Bergen is a gateway to many fjords and we were drawn to the area by one singular image. Google ‘Gudvangen’ and a powerful vision of a vertical sheet of rock rising above a verdant landscape and quaint fishing village will appear. It looks otherworldly and we just had to see it. Driving two and a half hours through fjord, waterfall and forest country brings you to a deep valley. We boarded a ferry to Flam, thinking at every turn this image that had brought us here would suddenly come into perspective. It didn’t. At the end of what had been a spectacular journey, some further digging found the image to be fake. Gudvangen and the real location of the image were in the Lofoten islands some 1500km north. A tricky ploy that got us planning our next trip perhaps, but also a happy one that led us up the ice-lined roads to Aurland Mountain where a serene, silent landscape enveloped us.

Returning to Oslo we stayed in Grünerlo.kka, 1km north of the CBD alongside the Akerselva canal. This hipster neighbourhood has a high ratio of independent retail, bars, barbers and beards. Alongside the canal, the Mathallen is a sprawling marketplace of smallgoods, seafood and restaurants, which connects to a series of adaptive re-use buildings housing makers’ workshops and nightclubs.

Oslo’s waterfront is undergoing significant redevelopment kick-started by Snøhetta’s Opera House and MVRDV’s Barcode precinct. The Oslo Opera House prioritises the gesture of the inclined public space over the form of the auditorium, resulting in a marble-clad ramp that people sunbake on, kids run up and down on and where tourists can misuse their selfie sticks. There are no handrails, no tactile indicators, you could snap an ankle at any time, but no one is dying. You couldn’t do this in Australia.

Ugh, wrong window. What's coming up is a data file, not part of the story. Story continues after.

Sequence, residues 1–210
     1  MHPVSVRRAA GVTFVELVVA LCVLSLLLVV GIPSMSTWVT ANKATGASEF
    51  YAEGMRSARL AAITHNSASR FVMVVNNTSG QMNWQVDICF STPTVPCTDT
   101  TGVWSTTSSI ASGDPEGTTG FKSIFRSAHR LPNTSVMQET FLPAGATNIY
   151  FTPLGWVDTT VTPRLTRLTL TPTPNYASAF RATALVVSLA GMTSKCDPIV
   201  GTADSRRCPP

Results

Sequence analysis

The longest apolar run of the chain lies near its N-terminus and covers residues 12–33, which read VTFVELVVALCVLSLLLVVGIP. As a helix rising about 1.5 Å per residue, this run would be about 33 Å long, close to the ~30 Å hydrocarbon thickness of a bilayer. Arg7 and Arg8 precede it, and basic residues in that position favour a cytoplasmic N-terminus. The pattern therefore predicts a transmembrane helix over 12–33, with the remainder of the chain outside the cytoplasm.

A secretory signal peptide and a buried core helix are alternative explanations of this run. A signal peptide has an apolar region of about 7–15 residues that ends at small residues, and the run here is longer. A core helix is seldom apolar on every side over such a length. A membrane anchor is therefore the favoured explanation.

Barcode , as the name suggests, is a masterplan of many slender buildings sidled up against one another, the gaps between them maintaining sightlines to the water from the neighbourhoods behind and maximising oblique views from the buildings themselves. It is a surprisingly good device when you experience it, primarily because of the perpendicular lanes, which allow you to walk through the active ground floors of each building and access bars, restaurants and workplaces. The architecture of Barcode feels deliberately “other” to the older, urbane Oslo streets and has a series of quirks and idiosyncrasies that will make the public have a very divided opinion of it, which is good. In the coming years the new Oslo Bibliotek by Lund Hagem and the new Munch museum by estudio Herreros will solidify the precinct as a design and hospitality hub.

The TV series Vikings has endeared everyone to his unique Pagan culture – and I mean everyone. The Oslo Viking Ship Museum was absolutely rammed when we got there; selfie sticks flailing like axes. It was almost too much. But the contents of this museum, much like Norway itself, makes you stop and stare, bewildered by the finesse, power and form of a very special place.